Yoga for Grief
Every life has its measure of sorrow, and sometimes it is this that awakens us.
I was visiting Norway just after the terrible massacre that took place July 2011 in Oslo and witnessed an extraordinary outpouring of grief. This was grief, not for a loved one ( although many were lost) but for a nation that had lost its innocence. Norwegians have such a strong belief in non violence that prior to and even after this event their police are not armed.
During our lives we witness and experience many expressions of mourning, the grief of losing a love, a loved one, national suffering, a treasured possession, of growing old and missing our youth!
Anitya in Sanskrit or Annika in Buddhism is the concept that our world is impermanent, it is in a constant state of inevitable change, of birth, maintenance, decline and decay as exhibited by night and day, the seasons, birth to death. Buddhists believe it is our attachment and consequent resistance to change that is the cause of all future suffering.
It can bring comfort to your mourning to acknowledge the inevitable nature of change. Recently in class we also talked about Tapas - austerities or practices to support your body and soul ( see separate blog). Tapas is an important tool to utilize in processing grief in your life, much better than other learned habits such as comfort eating or taking to the sofa and movies - consider a regular yoga class, meditation, a long term commitment to eat healthy food. A commitment to Tapas can help you to heal your body and soul.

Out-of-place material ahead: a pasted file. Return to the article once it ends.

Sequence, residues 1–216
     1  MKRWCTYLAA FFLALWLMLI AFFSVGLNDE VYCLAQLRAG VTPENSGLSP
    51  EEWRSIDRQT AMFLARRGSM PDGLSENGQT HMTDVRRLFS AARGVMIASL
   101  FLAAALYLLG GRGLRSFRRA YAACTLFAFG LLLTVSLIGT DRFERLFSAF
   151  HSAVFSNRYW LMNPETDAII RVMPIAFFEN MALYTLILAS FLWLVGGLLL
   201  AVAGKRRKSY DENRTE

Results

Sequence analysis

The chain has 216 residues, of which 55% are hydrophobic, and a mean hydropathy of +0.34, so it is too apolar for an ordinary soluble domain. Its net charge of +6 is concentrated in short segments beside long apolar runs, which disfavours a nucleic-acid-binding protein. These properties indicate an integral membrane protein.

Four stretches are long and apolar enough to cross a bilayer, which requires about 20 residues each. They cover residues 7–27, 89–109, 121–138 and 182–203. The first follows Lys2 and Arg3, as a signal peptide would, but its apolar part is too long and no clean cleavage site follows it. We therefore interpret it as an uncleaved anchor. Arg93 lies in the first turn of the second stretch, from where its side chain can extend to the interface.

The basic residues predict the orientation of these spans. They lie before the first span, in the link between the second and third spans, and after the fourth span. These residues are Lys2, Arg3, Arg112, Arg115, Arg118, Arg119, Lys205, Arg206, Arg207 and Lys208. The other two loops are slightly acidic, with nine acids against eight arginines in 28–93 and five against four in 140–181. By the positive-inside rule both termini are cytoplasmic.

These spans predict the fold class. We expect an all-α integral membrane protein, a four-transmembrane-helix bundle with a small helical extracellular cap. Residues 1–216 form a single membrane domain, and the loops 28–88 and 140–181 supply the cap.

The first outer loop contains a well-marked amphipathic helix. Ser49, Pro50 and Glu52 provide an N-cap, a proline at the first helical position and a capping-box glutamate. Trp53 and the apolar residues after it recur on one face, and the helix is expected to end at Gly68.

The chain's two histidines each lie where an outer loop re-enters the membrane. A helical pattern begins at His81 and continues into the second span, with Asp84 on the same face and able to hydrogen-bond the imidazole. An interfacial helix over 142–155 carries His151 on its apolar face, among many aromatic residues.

Whilst Annika can be the cause of grief, it can also support grief, you can lean on the rhythm of the day, the week, the seasons and the year to bring yourself to the present moment time and again as you would on the mat with your breath. Marking the time with rhythm and ritual, celebrations and daily routine, Sunday drives and winter soups, spring picnics, birthday dinners, religious holidays and car washing day and of course intertwine all of this with your tapas.
When I was devastated by the loss of my beautiful mum I found the yoga mat an uncomfortable place at times, it was hard to be still, harder still to be open, my practice needed to be more grounding, full of forward bends and going inside, strong and engaging. Over time I have come to enjoy the long term benefits and healing of sitting with the discomfort of being present for a heart opening posture; returning to a long still silent savasana.
At other times the ability to come out of my head and into my body in class one breath at a time were blessings that healed me pose by pose - yoga can do so much to support our shadows.
This week in class our teachers are supporting two of our students ( that we know of ) facing significant grief in their lives with a week of yoga for grief, expect lots of forward bends, long savasana, some heart openers and requests for you to be really honest and present with yourself on the mat. Core and base chakra poses also enable emotional grounding to support your grief. We look forward to meeting you in a safe, supportive healing way.
Peace and Love